|Publication number||US4462587 A|
|Application number||US 06/309,022|
|Publication date||Jul 31, 1984|
|Filing date||Oct 5, 1981|
|Priority date||Sep 25, 1981|
|Publication number||06309022, 309022, US 4462587 A, US 4462587A, US-A-4462587, US4462587 A, US4462587A|
|Inventors||Harry T. Graef, Mark J. Wise|
|Original Assignee||Diebold Incorporated|
|Export Citation||BiBTeX, EndNote, RefMan|
|Patent Citations (14), Referenced by (48), Classifications (13), Legal Events (5)|
|External Links: USPTO, USPTO Assignment, Espacenet|
This application is a continuation-in-part of application Ser. No. 305,847, filed on Sept. 25, 1981, now abandoned.
The method and system of the invention comprise improvements on those disclosed in U.S. Pat. No. 4,154,437 dated May 15, 1979.
1. Technical Field
The invention relates generally to sensing and identifying abnormalities in sheets being conveyed between storage and dispensing stations, and, more particularly, to automatic banking equipment wherein each bill in a paper money dispenser is monitored to identify single bills, multiple bills, overlapped bills, or folded bills as well as jammed bills, and the information is processed to control bill dispensing and accounting.
2. Background Art
A number of different systems have been used in the past for detecting conditions of sheets, such as paper money, currency bills, documents, etc. being conveyed, one by one, along a path of travel between source and delivery stations. In automatic banking equipment, for example, bills are transported along a conveyor from a source to an automatic teller station for dispensing. The bills must be counted along the line of travel so that the proper number of each bill denomination is ultimately dispensed to the customer.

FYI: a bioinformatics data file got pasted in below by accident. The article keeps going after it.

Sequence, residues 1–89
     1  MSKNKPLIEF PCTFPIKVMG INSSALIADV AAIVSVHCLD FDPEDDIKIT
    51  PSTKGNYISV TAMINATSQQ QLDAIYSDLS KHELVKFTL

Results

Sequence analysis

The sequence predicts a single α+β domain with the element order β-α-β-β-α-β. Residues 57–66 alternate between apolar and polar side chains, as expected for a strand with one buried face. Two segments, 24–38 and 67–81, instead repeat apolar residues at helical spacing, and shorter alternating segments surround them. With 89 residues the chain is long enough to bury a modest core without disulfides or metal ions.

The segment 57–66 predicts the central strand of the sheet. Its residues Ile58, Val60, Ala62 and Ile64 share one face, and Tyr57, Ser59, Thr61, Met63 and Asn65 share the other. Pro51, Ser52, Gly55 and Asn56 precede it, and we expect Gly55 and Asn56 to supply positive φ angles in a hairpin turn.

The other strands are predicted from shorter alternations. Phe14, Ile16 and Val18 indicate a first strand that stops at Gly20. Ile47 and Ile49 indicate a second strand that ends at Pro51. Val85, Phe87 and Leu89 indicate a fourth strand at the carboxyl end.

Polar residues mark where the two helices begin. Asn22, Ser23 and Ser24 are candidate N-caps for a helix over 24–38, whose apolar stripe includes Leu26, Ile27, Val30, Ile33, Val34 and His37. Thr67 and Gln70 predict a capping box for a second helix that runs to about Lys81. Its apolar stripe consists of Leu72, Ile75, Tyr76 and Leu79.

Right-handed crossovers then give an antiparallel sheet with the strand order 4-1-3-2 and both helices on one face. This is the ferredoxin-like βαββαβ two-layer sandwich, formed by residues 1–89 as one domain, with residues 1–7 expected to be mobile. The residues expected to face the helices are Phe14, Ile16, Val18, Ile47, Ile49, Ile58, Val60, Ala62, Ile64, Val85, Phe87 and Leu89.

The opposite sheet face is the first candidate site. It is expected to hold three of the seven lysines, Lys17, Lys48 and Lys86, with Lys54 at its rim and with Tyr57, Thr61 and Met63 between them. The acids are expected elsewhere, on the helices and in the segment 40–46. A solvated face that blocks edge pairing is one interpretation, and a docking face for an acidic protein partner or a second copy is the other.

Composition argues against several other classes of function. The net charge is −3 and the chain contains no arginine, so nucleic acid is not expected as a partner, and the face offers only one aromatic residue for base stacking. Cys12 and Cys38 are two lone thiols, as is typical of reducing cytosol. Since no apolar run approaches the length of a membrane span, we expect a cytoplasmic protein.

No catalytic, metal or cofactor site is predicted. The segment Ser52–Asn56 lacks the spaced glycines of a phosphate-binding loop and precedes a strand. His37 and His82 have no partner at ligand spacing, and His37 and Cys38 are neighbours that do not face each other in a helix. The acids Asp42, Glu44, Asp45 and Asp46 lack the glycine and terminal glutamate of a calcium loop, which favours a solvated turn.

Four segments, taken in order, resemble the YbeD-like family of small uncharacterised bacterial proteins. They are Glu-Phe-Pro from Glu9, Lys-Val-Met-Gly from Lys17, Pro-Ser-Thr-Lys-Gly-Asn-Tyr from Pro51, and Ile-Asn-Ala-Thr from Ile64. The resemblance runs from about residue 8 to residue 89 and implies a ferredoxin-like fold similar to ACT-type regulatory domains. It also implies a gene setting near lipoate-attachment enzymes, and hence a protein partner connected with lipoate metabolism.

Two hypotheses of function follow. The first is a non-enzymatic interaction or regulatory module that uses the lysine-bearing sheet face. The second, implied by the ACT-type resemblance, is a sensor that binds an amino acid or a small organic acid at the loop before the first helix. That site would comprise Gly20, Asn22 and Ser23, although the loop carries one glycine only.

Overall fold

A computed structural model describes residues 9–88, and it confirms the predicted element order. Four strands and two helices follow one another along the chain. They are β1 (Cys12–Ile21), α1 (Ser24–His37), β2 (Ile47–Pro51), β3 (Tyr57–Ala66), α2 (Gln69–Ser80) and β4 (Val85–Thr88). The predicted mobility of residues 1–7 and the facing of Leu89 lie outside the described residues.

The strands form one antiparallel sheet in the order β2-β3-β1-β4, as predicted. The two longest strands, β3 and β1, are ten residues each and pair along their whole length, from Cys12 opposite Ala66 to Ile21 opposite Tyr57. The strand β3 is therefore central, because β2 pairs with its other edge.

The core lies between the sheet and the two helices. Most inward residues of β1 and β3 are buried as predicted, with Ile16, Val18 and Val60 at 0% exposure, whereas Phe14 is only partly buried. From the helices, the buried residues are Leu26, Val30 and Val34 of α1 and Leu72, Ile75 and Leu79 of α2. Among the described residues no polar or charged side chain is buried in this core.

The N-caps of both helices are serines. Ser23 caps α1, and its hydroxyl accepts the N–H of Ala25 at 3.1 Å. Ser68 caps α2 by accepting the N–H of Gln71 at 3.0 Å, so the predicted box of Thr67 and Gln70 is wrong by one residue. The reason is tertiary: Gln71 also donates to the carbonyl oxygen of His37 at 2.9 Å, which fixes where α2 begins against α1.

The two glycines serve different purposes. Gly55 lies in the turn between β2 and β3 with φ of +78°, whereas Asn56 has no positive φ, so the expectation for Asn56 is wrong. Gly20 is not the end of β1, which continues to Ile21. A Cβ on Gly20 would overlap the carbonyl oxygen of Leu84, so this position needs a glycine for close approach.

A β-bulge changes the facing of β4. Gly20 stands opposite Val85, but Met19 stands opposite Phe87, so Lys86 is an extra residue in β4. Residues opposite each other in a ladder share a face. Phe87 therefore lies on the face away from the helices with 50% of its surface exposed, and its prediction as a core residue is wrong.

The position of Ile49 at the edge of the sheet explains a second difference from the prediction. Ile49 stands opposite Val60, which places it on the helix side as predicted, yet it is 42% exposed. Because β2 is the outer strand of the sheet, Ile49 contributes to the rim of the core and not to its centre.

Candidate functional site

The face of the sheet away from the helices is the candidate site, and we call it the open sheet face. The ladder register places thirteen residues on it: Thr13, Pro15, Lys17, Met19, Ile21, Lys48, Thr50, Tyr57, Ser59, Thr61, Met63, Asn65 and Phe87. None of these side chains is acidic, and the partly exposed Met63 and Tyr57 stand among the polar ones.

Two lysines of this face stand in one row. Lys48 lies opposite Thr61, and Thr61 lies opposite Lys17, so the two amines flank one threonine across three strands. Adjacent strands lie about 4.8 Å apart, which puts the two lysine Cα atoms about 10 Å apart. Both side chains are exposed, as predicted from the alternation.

During normal operation, the bills to be dispensed are spaced apart from each other along the conveyor. The presence of each bill at some point along the conveyor is monitored by any of several different types of detectors, such as thickness detectors that respond to the thickness of each bill, photoelectric sensors that respond to optical characteristics of the bill, conductance or capacitance sensors that respond to electrical characteristics and ultrasonic or pneumatic sensors that respond to bulk properties of the bill. Typically, such bill detecting apparatus have been incorporated into larger systems that respond to sensor generated data to identify single bills or double bills passing a detection point. Single, non-overlapped bills passing the detection point are counted to control dispensing such that the proper number of bills is dispensed to the customer and the appropriate account updated by the withdrawal amount. Double bills are counted as two bills and dispensed to the customer; if the double occurs during dispensing of the last bill, however, the bills are diverted and not counted. Bills that are folded or overlapped are diverted as suspicious bills since the equipment cannot identify with certainty the nature of the defect in normal bill flow. If the folded bill could be identified as a single bill rather than as, e.g., a torn bill, and if overlapped bills that might include folded-back portions could be identified as two bills, dispensing and accounting of these bills could be made. Bills identified as triple bills should be diverted and not dispensed. To optimize bill dispensing in automatic banking equipment, therefore, it is necessary to identify not only the presence of an abnormality in bill flow within a cash dispenser system but also to determine the particular type of abnormality so that proper action can be undertaken, i.e., dispense and account for the suspicious bills or divert the bills to storage.